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The Teacher and the Superintendent: Native Schooling in the Alaskan Interior, 1904-1918

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Book Series: Our Lives: Diary, Memoir, and Letters ISSN: 19216661 ISBN: 9781927356500 9781927356517 9781927356524 9781927356982 Year: Pages: 440 DOI: 10.15215/aupress/9781927356500.01 Language: English
Publisher: Athabasca University Press
Subject: Education
Added to DOAB on : 2016-08-10 20:09:15
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From its inception in 1885, the Alaska School Service was charged with the assimilation of Alaskan Native children into mainstream American values and ways of life. Working in the missions and schools along the Yukon River were George E. Boulter and Alice Green, his future wife. Boulter, a Londoner originally drawn to the Klondike, had begun teaching in 1905 and by 1910 had been promoted to superintendent of schools for the Upper Yukon District. In 1907, Green left a comfortable family life in New Orleans to answer the “call to serve” in the Episcopal mission boarding schools for Native children at Anvik and Nenana, where she occupied the position of government teacher. As school superintendent, Boulter wrote frequently to his superiors in Seattle and Washington, DC, to discuss numerous administrative matters and to report on problems and conditions overall.From 1906 to 1918, Green kept a personal journal—hitherto in private possession—in which she reflected on her professional duties and her domestic life in Alaska. Collected in The Teacher and the Superintendent are Boulter’s letters and Green’s diary. Together, their vivid, first- hand impressions bespeak the earnest but paternalistic beliefs of those who lived and worked in immensely isolated regions, seeking to bring Christianity and “civilized” values to the Native children in their care. Beyond shedding private light on the missionary spirit, however, Boulter and Green have also left us an invaluable account of the daily conflicts that occurred between church and government and of the many injustices suffered by the Native population in the face of the misguided efforts of both institutions.

Water Governance: Retheorizing Politics

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ISBN: 9783039215607 / 9783039215614 Year: Pages: 334 DOI: 10.3390/books978-3-03921-561-4 Language: eng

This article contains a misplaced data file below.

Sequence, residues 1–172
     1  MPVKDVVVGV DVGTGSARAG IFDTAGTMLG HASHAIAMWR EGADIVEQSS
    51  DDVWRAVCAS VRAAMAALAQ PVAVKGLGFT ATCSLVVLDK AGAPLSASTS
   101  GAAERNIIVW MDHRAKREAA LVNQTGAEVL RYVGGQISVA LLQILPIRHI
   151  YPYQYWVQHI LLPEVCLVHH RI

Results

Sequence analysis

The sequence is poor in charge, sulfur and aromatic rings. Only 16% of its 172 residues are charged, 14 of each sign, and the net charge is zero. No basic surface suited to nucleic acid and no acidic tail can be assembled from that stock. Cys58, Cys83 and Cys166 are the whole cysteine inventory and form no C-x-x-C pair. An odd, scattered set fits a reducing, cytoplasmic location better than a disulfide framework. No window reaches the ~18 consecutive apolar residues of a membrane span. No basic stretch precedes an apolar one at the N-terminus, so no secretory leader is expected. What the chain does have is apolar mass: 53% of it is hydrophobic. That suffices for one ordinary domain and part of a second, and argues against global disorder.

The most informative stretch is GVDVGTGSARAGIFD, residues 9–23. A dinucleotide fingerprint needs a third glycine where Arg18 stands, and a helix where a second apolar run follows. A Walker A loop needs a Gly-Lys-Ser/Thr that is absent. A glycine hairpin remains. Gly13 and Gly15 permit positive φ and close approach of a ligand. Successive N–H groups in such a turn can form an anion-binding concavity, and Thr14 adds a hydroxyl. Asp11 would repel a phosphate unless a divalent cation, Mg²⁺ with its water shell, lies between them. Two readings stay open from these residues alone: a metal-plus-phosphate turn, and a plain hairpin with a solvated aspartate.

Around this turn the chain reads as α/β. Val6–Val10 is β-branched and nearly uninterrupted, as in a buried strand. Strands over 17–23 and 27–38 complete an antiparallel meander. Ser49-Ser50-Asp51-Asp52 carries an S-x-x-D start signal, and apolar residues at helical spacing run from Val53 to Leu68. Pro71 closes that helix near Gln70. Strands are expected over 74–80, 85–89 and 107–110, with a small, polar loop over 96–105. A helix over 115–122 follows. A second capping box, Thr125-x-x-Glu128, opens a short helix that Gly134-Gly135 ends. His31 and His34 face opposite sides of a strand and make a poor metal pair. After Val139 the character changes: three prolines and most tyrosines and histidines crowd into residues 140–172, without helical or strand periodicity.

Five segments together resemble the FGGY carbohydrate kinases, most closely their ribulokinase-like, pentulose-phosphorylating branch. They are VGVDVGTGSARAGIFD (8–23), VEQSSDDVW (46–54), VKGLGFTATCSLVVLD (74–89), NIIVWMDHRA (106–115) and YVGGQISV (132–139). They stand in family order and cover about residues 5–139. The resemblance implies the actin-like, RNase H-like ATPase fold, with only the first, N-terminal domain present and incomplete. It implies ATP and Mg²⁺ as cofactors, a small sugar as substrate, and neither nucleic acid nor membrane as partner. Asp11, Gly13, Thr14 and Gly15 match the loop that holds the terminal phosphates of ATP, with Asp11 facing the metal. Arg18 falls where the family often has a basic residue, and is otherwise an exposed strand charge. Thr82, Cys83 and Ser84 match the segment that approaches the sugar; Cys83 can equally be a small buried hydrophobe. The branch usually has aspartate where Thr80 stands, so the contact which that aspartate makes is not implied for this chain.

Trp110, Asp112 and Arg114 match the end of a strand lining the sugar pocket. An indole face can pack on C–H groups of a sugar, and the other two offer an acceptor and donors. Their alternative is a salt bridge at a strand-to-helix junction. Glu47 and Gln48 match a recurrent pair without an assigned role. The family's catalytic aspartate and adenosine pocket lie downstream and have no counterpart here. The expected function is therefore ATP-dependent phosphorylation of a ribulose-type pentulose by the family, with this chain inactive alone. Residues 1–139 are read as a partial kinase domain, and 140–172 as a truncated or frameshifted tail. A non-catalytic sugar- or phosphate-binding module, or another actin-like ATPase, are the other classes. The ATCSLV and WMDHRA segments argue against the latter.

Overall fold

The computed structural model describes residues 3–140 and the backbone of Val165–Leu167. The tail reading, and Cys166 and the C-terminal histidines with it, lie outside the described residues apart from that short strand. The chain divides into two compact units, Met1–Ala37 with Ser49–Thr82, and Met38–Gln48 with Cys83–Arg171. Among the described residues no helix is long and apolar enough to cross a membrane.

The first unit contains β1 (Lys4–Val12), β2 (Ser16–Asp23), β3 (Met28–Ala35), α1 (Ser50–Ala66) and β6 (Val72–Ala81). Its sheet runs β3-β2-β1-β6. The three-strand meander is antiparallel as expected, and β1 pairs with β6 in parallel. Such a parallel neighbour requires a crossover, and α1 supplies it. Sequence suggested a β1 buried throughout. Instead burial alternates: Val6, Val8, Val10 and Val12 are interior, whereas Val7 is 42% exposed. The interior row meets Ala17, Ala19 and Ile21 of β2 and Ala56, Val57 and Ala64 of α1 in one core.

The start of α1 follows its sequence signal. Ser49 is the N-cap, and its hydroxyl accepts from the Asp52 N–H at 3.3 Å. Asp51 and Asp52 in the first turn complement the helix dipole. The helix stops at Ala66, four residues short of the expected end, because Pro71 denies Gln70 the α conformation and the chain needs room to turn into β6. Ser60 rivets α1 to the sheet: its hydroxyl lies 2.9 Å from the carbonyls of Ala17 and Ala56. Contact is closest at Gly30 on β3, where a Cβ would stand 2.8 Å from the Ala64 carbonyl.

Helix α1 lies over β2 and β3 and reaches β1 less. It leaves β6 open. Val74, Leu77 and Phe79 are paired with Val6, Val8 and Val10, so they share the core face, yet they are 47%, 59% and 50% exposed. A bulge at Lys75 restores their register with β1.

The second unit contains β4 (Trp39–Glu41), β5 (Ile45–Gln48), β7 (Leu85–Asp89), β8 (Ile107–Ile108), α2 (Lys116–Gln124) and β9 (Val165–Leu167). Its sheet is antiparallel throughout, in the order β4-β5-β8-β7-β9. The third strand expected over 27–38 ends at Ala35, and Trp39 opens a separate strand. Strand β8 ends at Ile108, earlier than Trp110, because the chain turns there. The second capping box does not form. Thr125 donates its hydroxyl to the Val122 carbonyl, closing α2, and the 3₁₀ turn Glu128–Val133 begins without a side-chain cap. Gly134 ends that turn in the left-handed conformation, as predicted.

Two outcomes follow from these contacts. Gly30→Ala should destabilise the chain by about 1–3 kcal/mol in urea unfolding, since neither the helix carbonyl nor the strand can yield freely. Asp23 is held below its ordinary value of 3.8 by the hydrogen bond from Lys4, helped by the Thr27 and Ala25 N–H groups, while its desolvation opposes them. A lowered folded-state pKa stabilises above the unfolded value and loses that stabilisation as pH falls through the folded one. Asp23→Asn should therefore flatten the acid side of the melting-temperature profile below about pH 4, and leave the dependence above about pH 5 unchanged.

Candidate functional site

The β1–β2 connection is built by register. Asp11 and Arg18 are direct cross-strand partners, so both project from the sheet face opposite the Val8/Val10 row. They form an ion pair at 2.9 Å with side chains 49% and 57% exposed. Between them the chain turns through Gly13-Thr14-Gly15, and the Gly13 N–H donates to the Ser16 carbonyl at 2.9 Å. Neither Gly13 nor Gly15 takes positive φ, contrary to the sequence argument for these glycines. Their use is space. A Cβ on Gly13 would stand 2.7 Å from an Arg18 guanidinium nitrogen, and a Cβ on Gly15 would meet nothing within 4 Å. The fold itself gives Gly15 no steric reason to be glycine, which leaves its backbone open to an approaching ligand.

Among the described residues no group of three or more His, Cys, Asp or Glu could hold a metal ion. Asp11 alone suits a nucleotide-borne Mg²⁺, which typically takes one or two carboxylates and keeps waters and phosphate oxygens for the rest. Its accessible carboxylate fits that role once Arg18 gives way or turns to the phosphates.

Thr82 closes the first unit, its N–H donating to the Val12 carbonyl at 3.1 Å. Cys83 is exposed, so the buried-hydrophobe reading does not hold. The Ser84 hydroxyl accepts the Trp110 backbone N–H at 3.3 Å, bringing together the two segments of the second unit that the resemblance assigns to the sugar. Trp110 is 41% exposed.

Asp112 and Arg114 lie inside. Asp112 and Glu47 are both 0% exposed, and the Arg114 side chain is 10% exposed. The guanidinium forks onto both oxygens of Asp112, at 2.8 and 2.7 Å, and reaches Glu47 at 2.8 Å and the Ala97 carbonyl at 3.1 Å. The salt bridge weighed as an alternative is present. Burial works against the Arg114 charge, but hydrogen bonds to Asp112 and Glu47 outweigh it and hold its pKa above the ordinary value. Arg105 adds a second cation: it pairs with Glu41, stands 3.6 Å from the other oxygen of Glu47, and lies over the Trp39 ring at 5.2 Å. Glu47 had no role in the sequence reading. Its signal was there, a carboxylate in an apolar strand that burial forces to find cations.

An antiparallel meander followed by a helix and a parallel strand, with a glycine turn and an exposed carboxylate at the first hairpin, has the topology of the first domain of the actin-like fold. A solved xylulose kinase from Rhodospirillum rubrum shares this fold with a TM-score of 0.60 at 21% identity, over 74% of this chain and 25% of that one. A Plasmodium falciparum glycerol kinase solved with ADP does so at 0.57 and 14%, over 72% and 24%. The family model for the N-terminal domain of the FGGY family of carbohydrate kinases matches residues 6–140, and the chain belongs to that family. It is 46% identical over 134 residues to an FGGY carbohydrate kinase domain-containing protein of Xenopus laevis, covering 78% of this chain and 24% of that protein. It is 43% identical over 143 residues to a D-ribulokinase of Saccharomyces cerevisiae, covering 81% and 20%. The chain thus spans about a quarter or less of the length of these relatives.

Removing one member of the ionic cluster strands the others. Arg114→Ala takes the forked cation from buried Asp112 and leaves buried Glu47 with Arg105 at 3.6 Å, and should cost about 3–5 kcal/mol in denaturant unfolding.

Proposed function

Publisher: MDPI - Multidisciplinary Digital Publishing Institute
Subject: Philosophy
Added to DOAB on : 2019-12-09 11:49:15
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This republished Special Issue highlights recent and emergent concepts and approaches to water governance that re-centers the political in relation to water-related decision making, use, and management. To do so at once is to focus on diverse ontologies, meanings and values of water, and related contestations regarding its use, or its importance for livelihoods, identity, or place-making. Building on insights from science and technology studies, feminist, and postcolonial approaches, we engage broadly with the ways that water-related decision making is often depoliticized and evacuated of political content or meaning—and to what effect. Key themes that emerged from the contributions include the politics of water infrastructure and insecurity; participatory politics and multi-scalar governance dynamics; politics related to emergent technologies of water (bottled or packaged water, and water desalination); and Indigenous water governance.

Keywords

water quality --- Indigenous water --- spatio-temporal --- hydrosocial --- water governance --- Belo Monte --- Brazil --- dams --- national interest --- hydropower --- depoliticization --- repoliticization --- energy policy --- international development --- decentralization --- political ecology --- integrated water resource management (IWRM) --- Lesotho --- Africa --- Anishinabek --- nibi (water) --- women --- governance --- giikendaaswin --- urban water infrastructure --- political ecology --- water governance --- water quality --- packaged drinking water (PDW) --- bottled water --- Jakarta --- Indonesia --- water management --- irrigation --- kitchen gardens --- participatory development --- Water Users’ Associations --- Central Asia --- Tajikistan --- water governance --- politics --- law --- decision-making processes --- governmentalities --- UNDRIP --- free --- prior and informed consent --- FPIC --- groundwater --- environmental flows --- environmental assessment --- community-based research --- drinking water --- hydrosocial --- Indigenous knowledge --- settler colonialism --- political ontology --- risk --- Two-Eyed Seeing --- Yukon --- Canada --- water security --- water ethics --- narrative ethics --- water justice --- orientation knowledge --- water governance --- water politics --- bottled water --- water governance --- urban water --- re-theorizing --- First Nations --- OECD --- water governance --- water justice --- water colonialism --- UNDRIP --- UN Declaration on the Rights of Indigenous Peoples --- water --- desalination --- legal geography --- mining --- Chile --- first nations --- Canada --- political ecology --- colonization --- water politics --- WEF Nexus --- PES --- scale politics --- environmental justice --- Latin America --- Colombia --- water politics --- religious difference --- infrastructure --- governance --- planning --- practices of mediation --- urban India --- social control --- participation --- water governance --- remunicipalization --- Cochabamba --- Bolivia --- water governance --- political ecology --- Indigenous water governance --- water rights --- water insecurity --- water justice --- politics --- water --- infrastructure --- informality --- Cairo --- Egypt --- power --- governance

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